Actions on commercial matters would, as a rule, be taken in the King's Bench Division of the High Court, in which there is now a special court known as the Commercial Court for the trial of causes "arising out of the ordinary transactions of merchants and traders, amongst others those relating to the construction of mercantile documents, export or import of merchandise, affreightment, insurance, banking, and mercantile agency and mercantile usages." Matters connected with shipping
would, as a rule, be commenced in the Admiralty Division, and those relating to partnership, patents, trade-marks, copyright, and the winding up of joint-stock companies in the Chancery Division.
An action in the King's Bench Division is commenced by a Writ of Summons, which commands the defendant to enter an appearance usually within eight days of service. On the writ are endorsed particulars of the plaintiff's claim; and, if the defendant should decide to contest the claim, he must enter an appearance within the stated time. If he does not appear, judgment may be entered against him, which will be final if the claim is for a liquidated amount-that is an ascertained sum-but, if for an unliquidated amount, what is termed an interlocutory judgment is signed and a writ of inquiry is issued to assess the amount of damages. If the defendant enters an appearance, the plaintiff must take out a Summons for Directions within fourteen days of appearance, except in certain specified cases, and in these cases he may do so if he wishes. The Master then directs whether there shall be pleadings, orders further particulars, discovery, where and how the action shall be tried, and other matters. Pleadings are documents recording the precise facts on which parties intend to rely at the trial. They consist, principally, of :—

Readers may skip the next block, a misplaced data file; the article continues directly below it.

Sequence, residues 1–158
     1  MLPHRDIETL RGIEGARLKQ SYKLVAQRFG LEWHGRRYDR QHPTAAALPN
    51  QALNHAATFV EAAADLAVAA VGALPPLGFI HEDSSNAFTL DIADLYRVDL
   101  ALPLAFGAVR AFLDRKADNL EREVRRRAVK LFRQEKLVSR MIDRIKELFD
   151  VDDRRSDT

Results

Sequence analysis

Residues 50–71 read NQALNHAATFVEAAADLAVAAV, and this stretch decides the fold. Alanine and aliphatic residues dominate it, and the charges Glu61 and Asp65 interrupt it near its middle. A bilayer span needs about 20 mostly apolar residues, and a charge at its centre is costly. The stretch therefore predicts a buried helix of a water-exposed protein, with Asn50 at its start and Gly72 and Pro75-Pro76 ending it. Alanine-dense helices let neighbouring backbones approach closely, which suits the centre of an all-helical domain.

(1) Statement of Claim made by plaintiff within 21 days after
(2) Statement of Defence made by defendant, as a rule within
(3) Statement of Reply of the plaintiff, when specially ordered, within 10 days after delivery of defence.
(4) Rejoinder by the defendant within 4 days.
By what is known as procedure under Order 3, Rule 6, writs may be specially endorsed and the matter quickly disposed of where the action is for a liquidated sum under a contract, statute, or trust, and in certain other matters not within the purview of commercial law. The advantages of this procedure are that the special endorsement is equivalent to a statement of claim and no further statement of claim is permitted, and, even if defendant appears, an order may be made under Order XIV for plaintiff to have judgment, unless good cause be shown. There are other variations of procedure which are however somewhat outside the scope of this work and as, naturally, the commercial man would never contemplate taking legal proceedings without professional assistance, an intimate acquaintance with the details of procedure is not necessary to a knowledge of mercantile law.
As soon as issue is joined, that is, when the pleadings have